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Glossary of Lighting Terms
AC (Alternating Current)
The flow of electricity (electric current) in a circuit that alternates direction
every second with a standard current frequency of 50 Hz (Hertz or cycles/second).
Accent Lighting
Lighting that is used to accent a particular object or feature and for it to be effective,
accent lighting should be approximately four or five times the level of ambient light within the space.
Ambient Lighting
Uniform background lighting of a space without providing for any localised
directional lighting requirements.
BeamAngle
The angle between the opposed points either side of the beam axis where the luminous
intensity reaches a value of 50% that of the peak beam intensity.
Candela (cd)
The measure of luminous intensity of a light source in a given direction.
Chromaticity
Is an objective specification of the quality of colour regardless of its luminance.
Colour Rendering Index
The ability of a light source to render colours accurately and is measured
by the Colour Rendering Index in “Ra” on a scale of 0-100. The higher the number the more
accurately the light source can render colour.
Colour Temperature
The measure of the colour appearance of a light source which describes the
apparent warmth or coolness of that light source. Generally, light sources are described as either
“warm”, “intermediate”, “cool” or “cold”. The letter “K” refers to Kelvin. The term can also be referred
to as Correlated Colour Temperature (CCT).
Constant Current
A circuit in which the current remains constant but the voltage may vary.
Constant Voltage
A circuit in which the voltage remains constant but the current may vary.
Cylindrical Illuminance
The amount of vertical illuminance that falls on a cylindrical surface
positioned within a space.
DALI (Digital Addressable Lighting Interface)
is a two way communication system protocol for
lighting that allows addressed ballasts to receive and send signals in order to provide a flexible
controlled lighting solution.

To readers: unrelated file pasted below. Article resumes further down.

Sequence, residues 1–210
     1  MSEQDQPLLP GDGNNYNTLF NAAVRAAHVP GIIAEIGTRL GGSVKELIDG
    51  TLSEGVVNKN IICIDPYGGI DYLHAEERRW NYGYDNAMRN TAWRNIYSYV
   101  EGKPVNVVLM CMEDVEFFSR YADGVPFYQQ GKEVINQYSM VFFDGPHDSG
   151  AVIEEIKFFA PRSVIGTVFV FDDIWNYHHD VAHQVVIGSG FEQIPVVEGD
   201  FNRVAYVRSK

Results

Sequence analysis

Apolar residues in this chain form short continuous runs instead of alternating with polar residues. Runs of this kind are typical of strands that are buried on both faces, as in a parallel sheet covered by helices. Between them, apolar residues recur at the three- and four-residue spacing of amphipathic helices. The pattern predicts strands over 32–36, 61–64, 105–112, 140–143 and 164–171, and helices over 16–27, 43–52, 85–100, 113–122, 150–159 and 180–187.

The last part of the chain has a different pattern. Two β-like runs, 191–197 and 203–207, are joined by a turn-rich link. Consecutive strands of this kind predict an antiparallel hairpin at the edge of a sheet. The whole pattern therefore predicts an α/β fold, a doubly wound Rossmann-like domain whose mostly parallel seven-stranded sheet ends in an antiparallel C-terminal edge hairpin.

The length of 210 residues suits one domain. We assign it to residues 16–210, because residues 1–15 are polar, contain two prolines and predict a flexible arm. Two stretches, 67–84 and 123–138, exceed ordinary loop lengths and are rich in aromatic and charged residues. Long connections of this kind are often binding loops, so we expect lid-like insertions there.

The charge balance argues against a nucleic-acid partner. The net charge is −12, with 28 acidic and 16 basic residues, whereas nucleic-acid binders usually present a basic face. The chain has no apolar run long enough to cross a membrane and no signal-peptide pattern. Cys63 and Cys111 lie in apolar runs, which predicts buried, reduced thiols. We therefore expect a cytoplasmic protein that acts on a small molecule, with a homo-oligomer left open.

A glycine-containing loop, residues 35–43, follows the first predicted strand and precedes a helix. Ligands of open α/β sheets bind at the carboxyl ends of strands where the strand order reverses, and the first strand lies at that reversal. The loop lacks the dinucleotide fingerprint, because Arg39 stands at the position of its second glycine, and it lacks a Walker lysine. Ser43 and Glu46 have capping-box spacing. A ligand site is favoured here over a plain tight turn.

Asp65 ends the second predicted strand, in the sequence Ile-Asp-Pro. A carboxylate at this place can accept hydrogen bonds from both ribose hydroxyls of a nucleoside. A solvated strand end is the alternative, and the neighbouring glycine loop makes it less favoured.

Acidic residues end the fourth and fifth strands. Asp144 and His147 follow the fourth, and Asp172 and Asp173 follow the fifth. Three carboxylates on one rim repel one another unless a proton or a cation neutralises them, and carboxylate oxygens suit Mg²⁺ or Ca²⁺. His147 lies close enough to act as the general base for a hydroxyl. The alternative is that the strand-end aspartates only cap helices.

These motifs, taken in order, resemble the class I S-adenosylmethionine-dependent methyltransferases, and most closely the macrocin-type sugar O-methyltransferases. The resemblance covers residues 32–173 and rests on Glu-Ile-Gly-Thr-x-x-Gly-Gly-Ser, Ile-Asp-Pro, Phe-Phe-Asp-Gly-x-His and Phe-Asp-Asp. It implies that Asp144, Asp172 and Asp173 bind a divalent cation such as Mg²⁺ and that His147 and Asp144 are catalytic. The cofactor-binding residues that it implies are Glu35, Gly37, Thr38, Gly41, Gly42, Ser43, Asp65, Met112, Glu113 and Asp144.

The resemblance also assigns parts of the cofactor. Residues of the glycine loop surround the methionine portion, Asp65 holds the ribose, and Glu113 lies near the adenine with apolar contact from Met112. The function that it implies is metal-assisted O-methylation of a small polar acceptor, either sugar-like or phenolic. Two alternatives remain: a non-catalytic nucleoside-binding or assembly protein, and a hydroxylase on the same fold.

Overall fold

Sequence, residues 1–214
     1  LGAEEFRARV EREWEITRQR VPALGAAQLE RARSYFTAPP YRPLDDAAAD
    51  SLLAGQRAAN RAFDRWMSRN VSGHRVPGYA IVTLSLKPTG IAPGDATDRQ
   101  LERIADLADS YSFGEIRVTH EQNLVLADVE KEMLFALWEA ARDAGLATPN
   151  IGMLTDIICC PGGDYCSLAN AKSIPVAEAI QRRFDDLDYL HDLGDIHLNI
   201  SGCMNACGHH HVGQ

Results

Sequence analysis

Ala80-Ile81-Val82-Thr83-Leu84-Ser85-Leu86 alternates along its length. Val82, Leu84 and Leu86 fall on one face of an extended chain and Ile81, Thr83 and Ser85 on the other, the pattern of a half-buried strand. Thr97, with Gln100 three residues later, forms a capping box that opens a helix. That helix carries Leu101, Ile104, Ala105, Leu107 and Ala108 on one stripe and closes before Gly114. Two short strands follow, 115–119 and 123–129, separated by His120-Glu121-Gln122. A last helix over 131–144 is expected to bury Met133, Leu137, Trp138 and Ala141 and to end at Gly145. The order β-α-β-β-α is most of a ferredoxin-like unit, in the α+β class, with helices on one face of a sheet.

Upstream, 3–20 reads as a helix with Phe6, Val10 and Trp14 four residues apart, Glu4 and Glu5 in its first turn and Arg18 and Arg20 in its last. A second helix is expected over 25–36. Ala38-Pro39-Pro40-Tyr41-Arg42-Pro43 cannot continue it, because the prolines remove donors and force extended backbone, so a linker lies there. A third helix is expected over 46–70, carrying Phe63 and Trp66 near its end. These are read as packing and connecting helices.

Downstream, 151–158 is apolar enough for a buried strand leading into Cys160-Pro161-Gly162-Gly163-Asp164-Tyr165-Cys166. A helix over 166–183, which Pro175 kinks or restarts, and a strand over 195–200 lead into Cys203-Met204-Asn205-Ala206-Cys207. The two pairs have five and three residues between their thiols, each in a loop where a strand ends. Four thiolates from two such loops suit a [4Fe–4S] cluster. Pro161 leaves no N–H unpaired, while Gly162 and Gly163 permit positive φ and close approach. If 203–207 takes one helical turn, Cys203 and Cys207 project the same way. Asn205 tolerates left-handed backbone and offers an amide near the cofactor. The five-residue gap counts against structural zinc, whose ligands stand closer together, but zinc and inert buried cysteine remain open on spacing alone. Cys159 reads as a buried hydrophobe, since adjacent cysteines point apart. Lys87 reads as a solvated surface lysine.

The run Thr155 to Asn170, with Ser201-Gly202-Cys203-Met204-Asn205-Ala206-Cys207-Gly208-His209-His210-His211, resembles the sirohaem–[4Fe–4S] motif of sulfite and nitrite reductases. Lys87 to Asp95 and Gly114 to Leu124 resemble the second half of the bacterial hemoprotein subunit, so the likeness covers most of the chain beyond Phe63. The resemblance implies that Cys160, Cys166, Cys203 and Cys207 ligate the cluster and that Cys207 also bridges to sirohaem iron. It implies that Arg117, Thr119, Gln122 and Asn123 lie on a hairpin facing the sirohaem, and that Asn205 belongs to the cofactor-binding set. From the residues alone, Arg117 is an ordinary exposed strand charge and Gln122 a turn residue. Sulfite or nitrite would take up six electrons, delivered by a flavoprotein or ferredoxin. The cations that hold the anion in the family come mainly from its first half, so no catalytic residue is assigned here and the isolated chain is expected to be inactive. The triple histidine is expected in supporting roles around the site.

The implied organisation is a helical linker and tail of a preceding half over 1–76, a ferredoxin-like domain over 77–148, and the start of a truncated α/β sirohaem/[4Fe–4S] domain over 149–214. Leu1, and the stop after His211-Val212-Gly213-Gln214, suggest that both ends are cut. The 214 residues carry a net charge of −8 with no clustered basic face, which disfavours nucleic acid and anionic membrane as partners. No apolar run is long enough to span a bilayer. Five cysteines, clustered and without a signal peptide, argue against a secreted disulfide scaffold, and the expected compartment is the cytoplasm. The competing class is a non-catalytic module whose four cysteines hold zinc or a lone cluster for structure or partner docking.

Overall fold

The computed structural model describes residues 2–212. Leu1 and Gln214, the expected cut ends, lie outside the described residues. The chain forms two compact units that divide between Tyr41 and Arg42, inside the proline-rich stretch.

DC (Direct Current)
An electric current that moves in one direction without changing or cycling
and is usually supplied from a battery, DC Transformer or Photovoltaic (PV) Cells.
Dichroic Reflector
A reflector or filter that transmits certain wavelengths but reflects other
wavelengths. In lighting fixtures, dichroic reflectors transmit infra-red light backward through the
rear of the lamp whilst reflecting visible light forward, resulting in cooler visible light source and can
be considered as “Cool Beam”.
Dimmer
A device in an electrical circuit used for varying the brightness of a light source within a
lighting installation.
Direct Lighting
Lighting provided from a light source without reflection that distributes at least 90%
of luminous flux in a downward direction.
Downlight
A ceiling based light fitting either, recessed or surface mounted which concentrates the
light in a downward direction.
Emergency Lighting
Lighting used in the event of power failure for whatever reason. Luminaire
types are usually either stand alone Non-maintained operation (Emergency use only) or mains
converted Maintained operation (Mains + Emergency use).
Fire Rated
A recessed fitting that maintains the integrity of a fire rated ceiling in compliance of the
Building Regulations – Part B on Fire Safety.
Glare
is an interference with visual perception with the result of excessive contrast of luminance
within the field of view which can result in anything from a mild discomfort through to impairment
of vision. There are two forms of glare – Discomfort Glare & Disability Glare.
High Frequency (HF)
Control Gear Electronic control equipment that operates fluorescent lamps